Through a series of seemingly minor juxtapositions of the familiar and the strange, K, the protagonist of Another Man’s City, gradually realizes he is inside a Matrix-like reality, populated by shape-shifting characters, and is living a virtual-reality narrative manipulated by an entity referred to as both the “Invisible Hand” and “Big Brother.”
From mundane and quotidian events, Ch’oe In-Ho steadily builds an unreal and uncanny edifice—a virtual world reminiscent of Kafka or Orwell, with echoes of The Truman Show and of Kazuo Ishiguro’s The Unconsoled.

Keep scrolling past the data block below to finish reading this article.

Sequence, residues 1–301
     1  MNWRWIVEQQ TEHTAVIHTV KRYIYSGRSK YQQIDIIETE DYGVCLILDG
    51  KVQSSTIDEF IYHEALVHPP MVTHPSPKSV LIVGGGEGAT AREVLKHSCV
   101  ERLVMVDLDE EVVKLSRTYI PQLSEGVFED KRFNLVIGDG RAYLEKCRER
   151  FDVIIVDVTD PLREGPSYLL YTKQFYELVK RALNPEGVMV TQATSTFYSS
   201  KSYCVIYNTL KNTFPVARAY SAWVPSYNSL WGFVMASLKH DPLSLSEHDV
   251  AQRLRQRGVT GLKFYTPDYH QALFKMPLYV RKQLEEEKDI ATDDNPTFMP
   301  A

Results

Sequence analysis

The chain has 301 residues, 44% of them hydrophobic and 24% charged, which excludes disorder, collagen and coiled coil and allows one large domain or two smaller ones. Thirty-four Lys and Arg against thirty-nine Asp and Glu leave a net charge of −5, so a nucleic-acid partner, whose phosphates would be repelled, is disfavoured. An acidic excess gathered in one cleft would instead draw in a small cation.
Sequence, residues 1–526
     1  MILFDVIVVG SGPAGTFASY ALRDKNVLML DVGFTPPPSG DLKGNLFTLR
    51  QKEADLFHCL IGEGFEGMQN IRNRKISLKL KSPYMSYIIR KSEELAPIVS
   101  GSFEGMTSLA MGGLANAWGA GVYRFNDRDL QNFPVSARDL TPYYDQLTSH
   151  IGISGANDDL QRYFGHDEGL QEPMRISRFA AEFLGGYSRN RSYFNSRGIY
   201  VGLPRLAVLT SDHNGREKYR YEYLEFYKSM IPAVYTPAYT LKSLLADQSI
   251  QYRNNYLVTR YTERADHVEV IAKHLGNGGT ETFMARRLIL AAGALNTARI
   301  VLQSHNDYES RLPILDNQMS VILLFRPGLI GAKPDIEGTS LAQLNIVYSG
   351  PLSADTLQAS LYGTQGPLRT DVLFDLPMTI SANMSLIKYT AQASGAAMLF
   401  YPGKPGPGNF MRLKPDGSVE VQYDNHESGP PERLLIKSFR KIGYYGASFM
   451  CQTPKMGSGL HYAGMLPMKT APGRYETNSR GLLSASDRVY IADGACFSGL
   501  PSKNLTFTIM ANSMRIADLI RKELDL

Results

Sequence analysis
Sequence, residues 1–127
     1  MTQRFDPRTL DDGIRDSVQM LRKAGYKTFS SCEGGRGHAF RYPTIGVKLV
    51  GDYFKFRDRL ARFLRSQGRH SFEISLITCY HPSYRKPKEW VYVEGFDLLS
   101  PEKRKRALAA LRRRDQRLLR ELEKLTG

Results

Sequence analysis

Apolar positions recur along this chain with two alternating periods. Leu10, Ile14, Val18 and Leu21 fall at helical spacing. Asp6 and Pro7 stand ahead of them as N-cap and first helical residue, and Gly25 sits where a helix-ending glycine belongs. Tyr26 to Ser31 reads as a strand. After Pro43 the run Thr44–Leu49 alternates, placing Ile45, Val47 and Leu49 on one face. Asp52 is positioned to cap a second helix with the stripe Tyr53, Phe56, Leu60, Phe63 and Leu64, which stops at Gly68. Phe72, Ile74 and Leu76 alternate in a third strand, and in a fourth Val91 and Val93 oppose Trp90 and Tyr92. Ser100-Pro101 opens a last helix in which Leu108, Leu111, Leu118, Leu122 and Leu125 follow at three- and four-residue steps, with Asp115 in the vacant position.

“Ch’oe challenges us to consider new possibilities for literature in an age when the divine is largely absent from literary art.” —Kwon Youngmin, Munhak sasang
Ch‘oe In-ho was born in 1945 in Seoul and graduated from Yonsei University. In 1982, he received the sixth Yi Sang Literature Prize for his novel Deep Blue Night. His work has been translated into Japanese, German, Polish and French. A prodigious drinker, he died in 2013 of cancer. In 2014 his hand prints were memorialized on the Yonsei-ro sidewalk where he frequently drank.